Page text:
I saw no way out of my devastation. I was not used to dealing with pain, because during the seventeen years I lived with my parents, they had done an A+ job shielding me from the garbage the world had to offer. The plans I had for my life had come completely unraveled. I was NOT going to graduate from GVSU. I was going to have to leave my friends behind. I had lost some friends that I had been very good to. The legal system had NOT sided with the good guy. My parents had been so proud of me–I was returning to their home an abject failure. I was going to be a burden to them yet again. On top of that, the hatred and disgust I felt for myself was insurmountable. I couldn’t see any other way out.
After drowning my sorrows in a bottle of Hennessey one night I felt numb enough to actually do it. I got the sharpest knife I could find and sat, holding it, actually actively talking myself into it. I kept reminding myself of how I’d let my family down and how my life could never be the same. Everywhere I would go from then on out, the rape would follow me.
I had the blade of the knife on my vein when a sharp sliver of light came through the blinds. In that very moment I pictured my parents and thought of how hurt they would be if they found me that way. The tears kept coming, but my self-doubting and devaluing words were replaced with prayer. I cried out to God to help me, and I don’t remember dropping or throwing the knife, but somehow it ended up across the room.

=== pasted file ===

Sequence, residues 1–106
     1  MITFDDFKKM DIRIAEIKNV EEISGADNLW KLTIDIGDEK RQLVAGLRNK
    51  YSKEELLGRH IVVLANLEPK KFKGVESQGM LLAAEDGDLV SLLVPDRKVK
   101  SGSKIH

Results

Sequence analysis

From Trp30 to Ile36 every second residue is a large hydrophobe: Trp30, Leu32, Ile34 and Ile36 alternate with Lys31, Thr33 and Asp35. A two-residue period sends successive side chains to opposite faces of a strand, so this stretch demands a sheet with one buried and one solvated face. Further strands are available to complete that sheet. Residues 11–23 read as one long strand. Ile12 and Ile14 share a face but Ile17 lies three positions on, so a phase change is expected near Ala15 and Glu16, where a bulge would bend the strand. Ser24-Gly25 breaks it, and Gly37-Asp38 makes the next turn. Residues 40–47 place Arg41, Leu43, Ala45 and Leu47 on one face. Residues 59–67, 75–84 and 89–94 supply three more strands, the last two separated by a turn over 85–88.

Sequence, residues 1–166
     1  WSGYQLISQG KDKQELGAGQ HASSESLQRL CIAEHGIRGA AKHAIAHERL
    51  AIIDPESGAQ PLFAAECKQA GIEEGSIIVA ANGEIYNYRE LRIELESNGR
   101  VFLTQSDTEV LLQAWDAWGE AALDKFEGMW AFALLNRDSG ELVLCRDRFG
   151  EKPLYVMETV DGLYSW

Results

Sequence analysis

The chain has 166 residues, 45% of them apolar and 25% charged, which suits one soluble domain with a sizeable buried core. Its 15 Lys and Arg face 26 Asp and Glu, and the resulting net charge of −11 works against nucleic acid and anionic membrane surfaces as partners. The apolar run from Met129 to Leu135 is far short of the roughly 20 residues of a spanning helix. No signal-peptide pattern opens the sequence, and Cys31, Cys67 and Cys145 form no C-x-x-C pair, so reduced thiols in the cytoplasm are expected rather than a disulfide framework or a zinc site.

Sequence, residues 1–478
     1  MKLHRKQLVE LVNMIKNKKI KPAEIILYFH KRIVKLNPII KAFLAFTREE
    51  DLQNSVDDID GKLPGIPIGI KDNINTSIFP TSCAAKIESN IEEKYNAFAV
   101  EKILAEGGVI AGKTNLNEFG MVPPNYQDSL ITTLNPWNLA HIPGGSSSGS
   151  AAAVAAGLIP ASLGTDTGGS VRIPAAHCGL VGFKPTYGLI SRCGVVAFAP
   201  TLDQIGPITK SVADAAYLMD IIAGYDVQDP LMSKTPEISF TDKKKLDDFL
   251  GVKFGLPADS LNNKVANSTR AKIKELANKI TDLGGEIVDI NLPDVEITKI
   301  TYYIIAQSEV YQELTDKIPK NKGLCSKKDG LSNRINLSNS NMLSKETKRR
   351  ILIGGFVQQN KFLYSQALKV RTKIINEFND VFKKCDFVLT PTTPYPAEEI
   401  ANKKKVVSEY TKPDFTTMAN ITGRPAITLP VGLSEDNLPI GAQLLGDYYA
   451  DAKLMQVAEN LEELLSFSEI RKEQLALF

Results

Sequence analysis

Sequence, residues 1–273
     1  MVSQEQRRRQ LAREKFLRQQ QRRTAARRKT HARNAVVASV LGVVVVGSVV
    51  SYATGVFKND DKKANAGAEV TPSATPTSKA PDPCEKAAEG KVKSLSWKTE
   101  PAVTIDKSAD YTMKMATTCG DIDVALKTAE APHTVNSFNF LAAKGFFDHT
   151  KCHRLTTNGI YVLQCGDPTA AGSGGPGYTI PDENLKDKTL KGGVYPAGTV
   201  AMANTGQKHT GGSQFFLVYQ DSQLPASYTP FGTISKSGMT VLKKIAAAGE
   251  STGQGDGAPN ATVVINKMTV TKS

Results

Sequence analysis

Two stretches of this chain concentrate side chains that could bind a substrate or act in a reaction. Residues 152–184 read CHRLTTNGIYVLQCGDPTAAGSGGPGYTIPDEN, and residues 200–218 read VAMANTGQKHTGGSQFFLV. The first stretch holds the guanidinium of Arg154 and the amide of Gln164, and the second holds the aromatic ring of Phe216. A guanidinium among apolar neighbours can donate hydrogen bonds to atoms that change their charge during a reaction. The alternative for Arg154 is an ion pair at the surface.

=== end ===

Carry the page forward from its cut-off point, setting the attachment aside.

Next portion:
Although I hadn’t been praying like I was supposed to…
I hadn’t been reading my Bible like I used to…
My participation in the Gospel choir was even tainted because my focus had shifted from singing songs of praise to the cute drummer…
I rarely attended church…
If people approached me at that time they would not have even known I was a Christian…
Yet and still, the very moment I cried out to the Lord for help, I got it. Just as Peter cried out for help when he was sinking on the water, and Jesus immediately stretched out His hand. We should not wait until we’re sinking to learn to trust and rely on the Lord. It’s best to get the foundation settled before the storms come.
This is why I have given out Bible reading plans and encouraged the kids to use their resources to get a Word in every day. I remind them that daily devotionals are available. They can use their email addresses and subscribe to websites that will send them right to them. They can download Bibles onto their phones and tablets. I encourage them to start their day out with prayer. We all need to make it a habit to commune daily with God, even if we’re not going through something. Because in due time, we will.
Pray for all of those affected by Hurricane Matthew.